This Houston principal made a gun joke about a black student — but is it just a joke?

Ponderosa Elementary School Principal, Shanna Swearingen, has come under fire for a disappointing remark she made about a black special-needs student. Swearingen, told her staff “We will call the police and tell them he has a gun, so they can come faster.” The comment was made because the student has been known to run from class.

Swearingen has not made herself available to media, but she sent a letter to school parents on Tuesday apologizing for “an insensitive comment that was not reflective of who I am nor how much I care about every student who attends this school.”

Her full statement:

“Your children mean the world to me, and I’m heartbroken that my thoughtless remark has caused disruption to the hard work underway here at Ponderosa. Here in our community, we had a hard year with Hurricane Harvey, and the damage it caused to a large part of our neighborhood. I was so proud of the unity seen in this community during the recovery efforts.“Please know that the same commitment and drive that I had to make things right for our children after the storm, I have today as I work to make things right now with both staff and parents. I am truly sorry for the comment I made. It does not in any way reflect the love and care I have for the students of Ponderosa.”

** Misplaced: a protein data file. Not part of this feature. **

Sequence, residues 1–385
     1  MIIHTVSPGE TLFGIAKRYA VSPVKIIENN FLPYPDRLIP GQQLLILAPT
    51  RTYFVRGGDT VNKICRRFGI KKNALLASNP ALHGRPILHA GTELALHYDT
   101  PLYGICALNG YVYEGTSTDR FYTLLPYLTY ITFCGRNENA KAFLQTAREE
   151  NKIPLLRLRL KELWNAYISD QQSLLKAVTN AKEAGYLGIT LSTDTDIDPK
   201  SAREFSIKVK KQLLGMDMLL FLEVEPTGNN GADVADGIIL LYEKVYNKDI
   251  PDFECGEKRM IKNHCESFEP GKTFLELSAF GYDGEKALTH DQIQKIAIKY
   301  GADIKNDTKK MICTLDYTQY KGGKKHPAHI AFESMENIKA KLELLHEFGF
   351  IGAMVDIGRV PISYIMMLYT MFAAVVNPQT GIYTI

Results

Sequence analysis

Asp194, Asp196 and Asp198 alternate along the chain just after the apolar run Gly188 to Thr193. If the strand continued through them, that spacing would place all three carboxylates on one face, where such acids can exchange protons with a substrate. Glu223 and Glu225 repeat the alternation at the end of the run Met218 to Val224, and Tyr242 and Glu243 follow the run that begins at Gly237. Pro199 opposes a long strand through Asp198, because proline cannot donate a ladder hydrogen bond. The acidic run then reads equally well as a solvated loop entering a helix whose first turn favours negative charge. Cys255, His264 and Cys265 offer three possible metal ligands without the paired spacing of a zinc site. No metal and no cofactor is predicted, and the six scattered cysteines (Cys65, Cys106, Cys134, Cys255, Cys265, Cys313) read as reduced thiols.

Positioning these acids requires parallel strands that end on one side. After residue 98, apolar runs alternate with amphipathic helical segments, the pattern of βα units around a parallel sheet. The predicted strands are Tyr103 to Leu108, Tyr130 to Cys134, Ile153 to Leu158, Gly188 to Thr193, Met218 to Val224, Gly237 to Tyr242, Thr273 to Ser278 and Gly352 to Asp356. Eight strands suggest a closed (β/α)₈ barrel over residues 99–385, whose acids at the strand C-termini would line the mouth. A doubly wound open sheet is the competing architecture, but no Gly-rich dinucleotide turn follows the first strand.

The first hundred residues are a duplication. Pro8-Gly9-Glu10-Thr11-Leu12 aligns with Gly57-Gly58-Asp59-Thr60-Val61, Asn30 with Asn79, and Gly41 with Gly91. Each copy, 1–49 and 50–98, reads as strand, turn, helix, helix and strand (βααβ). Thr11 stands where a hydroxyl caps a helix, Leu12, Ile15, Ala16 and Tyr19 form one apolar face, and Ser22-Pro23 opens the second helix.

The Spring Independent School District sent out a statement on Monday, calling Swearingen’s comment “thoughtless and insensitive” and adding that “while the comment was made in jest, it was inappropriate and should never have been made.” The district will continue to monitor the school climate at Ponderosa to ensure that incidents like this do not occur again.”

RELATED: Lawsuit Targets CPS in Response to Black Children Being Five Times More Likely to be Put in Foster Care

Nobody has said if Swearingen was disciplined over the incident. The school district said that it takes “matters of this nature very seriously” but that it does not “discuss disciplinary action pertaining to personnel matters.”

The problem with this story is that those kinds of comments are not jokes. They’re actual threats on someone’s life. As real as school shootings are, and as often as blacks are shot by cops, how could this be in jest? She is a white woman in a high position of power in the state of Texas. This woman is aware of police brutality. It is apparent to her that the police will act with excessive force if you tell them there is a black individual with a gun. She understands they perceive that as a threat. I don’t care what anyone says, she knew what she was saying.

We need to protect students of color, particularly those who receive special education services, from people who think this is funny. This is especially infuriating because abuse of black kids in special ed programs is a huge problem. They make up a disproportionate percentage of EBD classification, which means they’re more likely to be physically restrained. It’s no secret that these types of children are difficult to teach. However, that doesn’t mean they shouldn’t be handled with compassion and care. Anyone who cannot, should not be working in special education.

What do you think? Harmless joke or racist rhetoric?

Facebook Comments

Author

A freelance writer located outside of Atlanta, Ga. She writes about Issues concerning the Black Community, Intersectional Feminism and Politics.